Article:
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chapter 7

chapter 7 - Dating back to the late 1800s American films...

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1 ± Dating back to the late 1800s, American films have had a substantial social and cultural impact on society. Blockbuster movies such as Star Wars, E.T., Jurassic Park, Titanic, Lord of the Rings , and Spider-Man represent what Hollywood has become—America’s storyteller. ± At their best, they tell communal stories that evoke and symbolize our most enduring values and our secret desires. The most popular films often make the world seem clearer, more manageable, and more understandable. The Top 10 Box-Office Champions, 2007 ± Over and above their immense economic impact (see Table 7.1 ), movies have always worked on several social and cultural levels. While they distract us from our daily struggles, at the same time they encourage us to take part in rethinking contemporary ideas. We continue to be attracted to the stories that movies tell. 373 Spider-Man 2 (2004) 10 377 The Lord of the Rings: The Return of the King (2003) 9 380 Star Wars: Episode III—Revenge of the Sith (2005) 8 408 Spider-Man (2002) 7 421 Pirates of the Caribbean: Dead Man’s Chest (2006) 6 431 Star Wars: Episode I: The Phantom Menace (1999) 5 435 E.T.: The Extra-Terrestrial (1982) 4 437 Shrek 2 (2004) 3 461 Star Wars (1977) 2 $601 Titanic (1997) 1 Domestic Gross** (mil ions)
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2 Early Technology and the Evolution of Movies ± The Development of Film ± Solving the puzzle of making a picture move depended both on advances in photography and on the development of a flexible film stock to replace the heavy metal-and-glass plates used to make individual pictures in the 1800s. In 1889, an American minister, Hannibal Goodwin, developed a transparent and pliable film—called celluloid —that could hold a coating, or film, of chemicals sensitive to light. ± kinetoscope: an early film projection system that served as a kind of peep show in which viewers looked through a hole and saw images moving on a tiny plate. ± vitascope: a large-screen movie projection system developed by Thomas Edison. The Power of Stories in the Silent Era ± The shift from early development to the mass medium stage came with the introduction of narrative films : movies that tell stories. Once audiences understood the illusion of moving images, they quickly tired of waves breaking on beaches or vaudeville acts recorded by immobile cameras. To become a mass medium, the early silent films had to offer what books achieved: the suspension of disbelief. They had to create narrative worlds that engaged an audience’s imagination. The Arrival of Nickelodeons ± According to media historian Douglas Gomery, these small and uncomfortable makeshift theaters were often converted cigar stores, pawnshops, or restaurants redecorated to mimic vaudeville theaters: “In front, large, hand-painted posters announced the movies for the day. ± Inside, the screening of news, documentary,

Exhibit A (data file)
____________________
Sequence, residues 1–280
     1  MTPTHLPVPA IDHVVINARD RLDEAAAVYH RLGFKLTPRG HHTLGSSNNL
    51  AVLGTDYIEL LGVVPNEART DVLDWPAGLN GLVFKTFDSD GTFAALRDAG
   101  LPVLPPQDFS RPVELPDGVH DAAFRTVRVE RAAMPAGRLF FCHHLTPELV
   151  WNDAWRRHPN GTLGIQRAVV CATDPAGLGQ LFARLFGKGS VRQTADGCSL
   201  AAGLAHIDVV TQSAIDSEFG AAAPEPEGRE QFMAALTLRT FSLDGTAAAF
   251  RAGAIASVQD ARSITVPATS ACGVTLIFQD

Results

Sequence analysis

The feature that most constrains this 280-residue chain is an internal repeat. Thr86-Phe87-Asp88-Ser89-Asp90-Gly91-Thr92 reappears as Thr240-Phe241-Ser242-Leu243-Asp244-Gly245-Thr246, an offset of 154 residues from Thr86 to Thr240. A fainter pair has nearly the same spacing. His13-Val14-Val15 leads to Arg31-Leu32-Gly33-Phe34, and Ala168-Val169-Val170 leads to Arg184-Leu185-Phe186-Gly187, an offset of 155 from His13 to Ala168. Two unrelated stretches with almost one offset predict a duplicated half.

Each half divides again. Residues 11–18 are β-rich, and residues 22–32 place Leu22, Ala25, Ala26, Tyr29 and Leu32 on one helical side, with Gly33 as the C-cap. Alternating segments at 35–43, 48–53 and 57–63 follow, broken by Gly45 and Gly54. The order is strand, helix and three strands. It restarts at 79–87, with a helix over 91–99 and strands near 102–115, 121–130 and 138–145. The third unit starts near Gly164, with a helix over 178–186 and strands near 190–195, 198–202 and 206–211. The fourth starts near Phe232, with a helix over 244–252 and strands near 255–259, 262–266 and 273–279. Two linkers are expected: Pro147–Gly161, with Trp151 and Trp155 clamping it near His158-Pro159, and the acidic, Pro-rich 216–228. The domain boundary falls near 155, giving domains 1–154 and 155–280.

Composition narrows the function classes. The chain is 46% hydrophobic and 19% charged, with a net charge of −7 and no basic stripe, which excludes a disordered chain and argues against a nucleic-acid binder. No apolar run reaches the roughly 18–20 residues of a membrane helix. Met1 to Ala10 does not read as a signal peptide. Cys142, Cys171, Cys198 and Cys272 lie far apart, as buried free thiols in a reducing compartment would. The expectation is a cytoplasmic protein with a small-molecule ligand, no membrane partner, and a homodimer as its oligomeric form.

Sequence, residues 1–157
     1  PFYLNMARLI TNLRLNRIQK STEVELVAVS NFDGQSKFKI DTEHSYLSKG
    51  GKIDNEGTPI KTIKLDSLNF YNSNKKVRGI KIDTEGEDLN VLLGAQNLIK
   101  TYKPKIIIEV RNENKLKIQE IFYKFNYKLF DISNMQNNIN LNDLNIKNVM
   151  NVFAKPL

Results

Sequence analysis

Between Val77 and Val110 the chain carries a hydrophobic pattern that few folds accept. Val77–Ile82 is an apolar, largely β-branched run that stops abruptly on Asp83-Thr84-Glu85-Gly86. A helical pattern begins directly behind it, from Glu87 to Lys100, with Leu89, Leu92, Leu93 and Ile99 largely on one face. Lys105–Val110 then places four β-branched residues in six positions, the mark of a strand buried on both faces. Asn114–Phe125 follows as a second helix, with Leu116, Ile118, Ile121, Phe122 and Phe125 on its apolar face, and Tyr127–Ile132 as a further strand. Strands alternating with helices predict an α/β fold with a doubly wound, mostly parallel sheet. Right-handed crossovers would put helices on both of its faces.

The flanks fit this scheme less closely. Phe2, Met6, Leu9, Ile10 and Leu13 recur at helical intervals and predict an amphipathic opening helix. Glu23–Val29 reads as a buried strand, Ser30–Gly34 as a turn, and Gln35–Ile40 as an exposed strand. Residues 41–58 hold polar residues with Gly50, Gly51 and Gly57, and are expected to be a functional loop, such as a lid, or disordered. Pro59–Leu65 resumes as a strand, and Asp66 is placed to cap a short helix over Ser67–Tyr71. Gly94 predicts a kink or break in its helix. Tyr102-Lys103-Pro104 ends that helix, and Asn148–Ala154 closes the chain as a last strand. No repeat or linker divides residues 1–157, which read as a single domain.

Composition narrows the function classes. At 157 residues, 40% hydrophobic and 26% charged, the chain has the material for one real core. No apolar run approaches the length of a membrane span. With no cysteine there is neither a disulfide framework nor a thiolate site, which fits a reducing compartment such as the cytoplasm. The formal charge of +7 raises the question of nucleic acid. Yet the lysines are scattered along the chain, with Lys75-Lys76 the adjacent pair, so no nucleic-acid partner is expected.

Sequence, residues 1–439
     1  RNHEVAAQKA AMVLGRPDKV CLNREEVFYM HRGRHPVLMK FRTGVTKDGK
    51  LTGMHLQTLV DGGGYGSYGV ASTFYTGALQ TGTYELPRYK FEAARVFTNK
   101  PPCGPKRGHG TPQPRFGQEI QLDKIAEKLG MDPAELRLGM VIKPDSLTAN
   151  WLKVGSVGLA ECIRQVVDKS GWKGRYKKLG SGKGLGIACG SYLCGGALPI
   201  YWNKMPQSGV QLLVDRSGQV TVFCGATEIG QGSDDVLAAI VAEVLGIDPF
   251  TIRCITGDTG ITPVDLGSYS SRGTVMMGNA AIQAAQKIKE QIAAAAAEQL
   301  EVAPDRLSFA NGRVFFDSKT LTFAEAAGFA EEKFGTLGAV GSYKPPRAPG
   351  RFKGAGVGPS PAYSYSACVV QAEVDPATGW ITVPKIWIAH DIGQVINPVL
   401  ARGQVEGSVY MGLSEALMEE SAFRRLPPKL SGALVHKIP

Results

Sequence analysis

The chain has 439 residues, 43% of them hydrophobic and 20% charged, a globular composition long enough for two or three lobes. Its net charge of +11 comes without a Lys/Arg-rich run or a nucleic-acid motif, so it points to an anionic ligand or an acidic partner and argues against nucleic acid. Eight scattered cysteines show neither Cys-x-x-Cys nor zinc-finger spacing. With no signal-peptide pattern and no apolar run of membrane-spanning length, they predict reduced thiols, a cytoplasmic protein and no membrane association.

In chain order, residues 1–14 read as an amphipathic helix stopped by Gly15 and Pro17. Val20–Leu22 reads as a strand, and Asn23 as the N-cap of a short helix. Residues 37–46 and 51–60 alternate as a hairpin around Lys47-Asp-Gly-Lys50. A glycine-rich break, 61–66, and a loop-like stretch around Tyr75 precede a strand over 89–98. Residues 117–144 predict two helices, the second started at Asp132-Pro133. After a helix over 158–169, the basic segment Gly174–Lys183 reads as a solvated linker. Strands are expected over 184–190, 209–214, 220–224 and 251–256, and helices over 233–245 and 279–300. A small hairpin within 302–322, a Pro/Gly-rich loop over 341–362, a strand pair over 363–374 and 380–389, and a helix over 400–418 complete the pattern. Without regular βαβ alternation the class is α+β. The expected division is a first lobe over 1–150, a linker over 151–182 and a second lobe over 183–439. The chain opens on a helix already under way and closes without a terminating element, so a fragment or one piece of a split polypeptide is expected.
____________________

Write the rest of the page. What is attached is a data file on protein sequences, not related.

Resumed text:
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chapter 7 - Dating back to the late 1800s American films...

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